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Dogs in Cars: Should My Dog Hang His Head Out the Car Window?

Posted May 27, 2014 in Dog Behavior

We have all seen a car racing down the road with a dog’s head sticking out the window, ears flowing in the wind and lips flapping uncontrollably. “Man, is that dog having fun! He actually looks like he is smiling!” And indeed they are having fun. Unfortunately, they are oblivious to the dangers of their precarious perch. Few people would even think of allowing their children to hang heads out of a car window, or to stick their heads out of a sun roof, but they still allow their pets to risk serious injury by doing so. 

Dog in the back seat of a car

What makes it so dangerous?
Dogs love the wind in their face but bad things can happen. First, foreign objects like leaves, insects and rocks can strike them with tremendous velocity. Just think back to the damage a tiny pebble might have done to your windshield or the finish of your car. The cornea of a dog’s eye is far more delicate and damages are not so easily repaired. Similarly, foreign bodies can find their way into a dog’s ear or nose and cause severe inflammation.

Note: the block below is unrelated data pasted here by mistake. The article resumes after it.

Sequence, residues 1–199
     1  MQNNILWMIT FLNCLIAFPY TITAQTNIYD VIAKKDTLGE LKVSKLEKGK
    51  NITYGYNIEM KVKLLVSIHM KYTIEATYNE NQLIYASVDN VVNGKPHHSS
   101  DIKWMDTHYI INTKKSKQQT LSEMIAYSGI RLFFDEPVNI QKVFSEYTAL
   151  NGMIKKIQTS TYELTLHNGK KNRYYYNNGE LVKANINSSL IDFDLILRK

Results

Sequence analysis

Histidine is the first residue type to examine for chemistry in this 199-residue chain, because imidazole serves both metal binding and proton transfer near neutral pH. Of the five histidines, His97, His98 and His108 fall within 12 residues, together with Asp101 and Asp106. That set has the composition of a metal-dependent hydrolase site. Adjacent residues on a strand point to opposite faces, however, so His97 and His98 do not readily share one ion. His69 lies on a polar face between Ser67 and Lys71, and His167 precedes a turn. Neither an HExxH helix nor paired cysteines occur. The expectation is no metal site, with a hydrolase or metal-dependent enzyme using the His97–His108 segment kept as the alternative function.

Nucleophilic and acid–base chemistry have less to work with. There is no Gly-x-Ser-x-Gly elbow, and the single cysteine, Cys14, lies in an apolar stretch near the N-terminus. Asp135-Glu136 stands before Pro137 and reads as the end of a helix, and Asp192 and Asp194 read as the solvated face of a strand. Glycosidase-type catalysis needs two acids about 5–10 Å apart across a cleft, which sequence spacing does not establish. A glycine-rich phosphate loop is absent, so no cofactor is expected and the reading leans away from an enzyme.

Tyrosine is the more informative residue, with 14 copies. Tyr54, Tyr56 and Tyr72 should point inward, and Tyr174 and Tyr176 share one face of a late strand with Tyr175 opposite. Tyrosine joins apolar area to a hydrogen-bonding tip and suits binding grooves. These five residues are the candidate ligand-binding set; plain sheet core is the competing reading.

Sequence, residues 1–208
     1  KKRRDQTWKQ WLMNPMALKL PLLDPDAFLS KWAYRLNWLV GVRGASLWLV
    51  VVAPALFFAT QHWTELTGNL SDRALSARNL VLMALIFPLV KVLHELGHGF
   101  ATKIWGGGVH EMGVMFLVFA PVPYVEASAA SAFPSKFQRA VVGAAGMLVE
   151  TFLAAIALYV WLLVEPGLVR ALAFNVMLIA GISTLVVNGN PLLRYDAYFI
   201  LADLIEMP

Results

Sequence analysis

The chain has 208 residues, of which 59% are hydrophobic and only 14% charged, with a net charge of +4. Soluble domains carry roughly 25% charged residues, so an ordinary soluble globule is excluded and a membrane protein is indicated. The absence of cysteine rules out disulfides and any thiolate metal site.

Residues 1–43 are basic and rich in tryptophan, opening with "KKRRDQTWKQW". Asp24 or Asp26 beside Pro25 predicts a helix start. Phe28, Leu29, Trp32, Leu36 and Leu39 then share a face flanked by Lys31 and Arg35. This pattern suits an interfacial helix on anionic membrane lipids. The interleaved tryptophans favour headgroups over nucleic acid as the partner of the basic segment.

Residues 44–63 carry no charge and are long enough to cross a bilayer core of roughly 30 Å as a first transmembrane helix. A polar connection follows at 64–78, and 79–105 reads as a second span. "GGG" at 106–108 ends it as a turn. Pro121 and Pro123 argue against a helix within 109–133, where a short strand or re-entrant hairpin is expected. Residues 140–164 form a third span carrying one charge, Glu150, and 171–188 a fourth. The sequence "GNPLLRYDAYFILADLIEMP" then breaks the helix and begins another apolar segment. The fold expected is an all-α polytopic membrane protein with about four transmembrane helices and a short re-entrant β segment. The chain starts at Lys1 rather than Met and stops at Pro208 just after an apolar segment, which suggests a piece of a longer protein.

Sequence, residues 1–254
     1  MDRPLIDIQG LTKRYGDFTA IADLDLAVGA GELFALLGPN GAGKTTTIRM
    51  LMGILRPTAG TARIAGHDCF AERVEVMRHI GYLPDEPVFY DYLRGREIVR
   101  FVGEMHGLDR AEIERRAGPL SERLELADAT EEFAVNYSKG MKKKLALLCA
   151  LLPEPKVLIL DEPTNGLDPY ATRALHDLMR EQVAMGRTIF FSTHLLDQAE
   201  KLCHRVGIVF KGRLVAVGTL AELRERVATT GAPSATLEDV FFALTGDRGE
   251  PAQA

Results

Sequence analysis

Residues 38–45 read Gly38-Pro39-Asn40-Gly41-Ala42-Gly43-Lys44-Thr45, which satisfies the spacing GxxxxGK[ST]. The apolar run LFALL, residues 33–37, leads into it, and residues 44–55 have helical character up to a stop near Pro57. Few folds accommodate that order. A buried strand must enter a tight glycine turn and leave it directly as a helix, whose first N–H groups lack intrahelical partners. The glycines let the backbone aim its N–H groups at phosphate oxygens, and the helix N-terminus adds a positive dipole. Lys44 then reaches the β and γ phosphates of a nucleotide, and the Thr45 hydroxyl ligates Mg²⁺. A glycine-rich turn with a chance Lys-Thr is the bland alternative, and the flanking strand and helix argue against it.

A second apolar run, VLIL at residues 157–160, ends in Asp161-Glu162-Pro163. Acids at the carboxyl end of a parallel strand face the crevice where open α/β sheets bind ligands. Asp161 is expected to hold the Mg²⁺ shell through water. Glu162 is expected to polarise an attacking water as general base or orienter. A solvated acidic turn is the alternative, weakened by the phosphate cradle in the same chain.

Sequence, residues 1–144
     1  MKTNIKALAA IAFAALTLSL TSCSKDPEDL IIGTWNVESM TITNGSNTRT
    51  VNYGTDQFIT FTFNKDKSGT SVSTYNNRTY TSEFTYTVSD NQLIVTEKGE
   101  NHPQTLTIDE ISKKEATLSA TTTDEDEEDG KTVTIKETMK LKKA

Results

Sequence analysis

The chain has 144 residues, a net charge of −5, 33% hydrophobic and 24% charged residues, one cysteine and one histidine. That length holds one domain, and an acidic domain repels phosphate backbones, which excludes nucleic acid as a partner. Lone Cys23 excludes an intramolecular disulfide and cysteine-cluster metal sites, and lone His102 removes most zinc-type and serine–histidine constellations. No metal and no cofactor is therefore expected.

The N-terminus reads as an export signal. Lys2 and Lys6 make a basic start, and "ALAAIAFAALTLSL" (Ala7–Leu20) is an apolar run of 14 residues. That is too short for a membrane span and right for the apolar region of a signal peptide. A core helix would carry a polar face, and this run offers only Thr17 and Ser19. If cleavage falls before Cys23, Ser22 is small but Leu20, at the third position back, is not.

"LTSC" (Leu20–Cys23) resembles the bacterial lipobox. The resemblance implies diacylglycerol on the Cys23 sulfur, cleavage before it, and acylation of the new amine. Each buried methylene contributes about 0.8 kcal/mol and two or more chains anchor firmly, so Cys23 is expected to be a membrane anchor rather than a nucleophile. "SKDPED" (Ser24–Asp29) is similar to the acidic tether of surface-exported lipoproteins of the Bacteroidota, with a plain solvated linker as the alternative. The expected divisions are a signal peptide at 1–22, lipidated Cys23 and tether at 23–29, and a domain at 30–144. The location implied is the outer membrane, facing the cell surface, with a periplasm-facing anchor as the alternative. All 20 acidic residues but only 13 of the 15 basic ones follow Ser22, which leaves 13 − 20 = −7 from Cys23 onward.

Even worse, a dog could jump through an open window or be thrown from the car during a swerve or collision. The least sever injury that would result is road rash or a broken leg. That of course assumes he isn’t hit by another car. A dog in the back of a car may look cute but sudden braking or swerving could transform it into a hurling mass of fur and muscle that could cause fatal injuries to thedog or a passenger.

Can my small dog sit with me?
I often see people driving with their dog on their lap, perhaps with their face right next to the owner.  That can result in impaired vision, inability to operate controls and even interference problems with steering. Talk about distracted driving! In a 2010 survey, run by AAA (reported by Jim Walsh of USA Today). “20% of participants admitted to letting their dog sit on their lap while driving. A ‘staggering’ 31% said they were distracted by their dog while driving.  Some states have gone so far as to pass legislation requiring restraint of dogs in moving vehicles.

What is the safest way for my dog to travel in the car?
How can you protect your dogs? It is pretty simple: restrain them. Do not allow your dog on

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Mike has more than 35 years of experience in companion animal veterinary practice and is a valued member of IDEXX’s Pet Health Network team since 2013.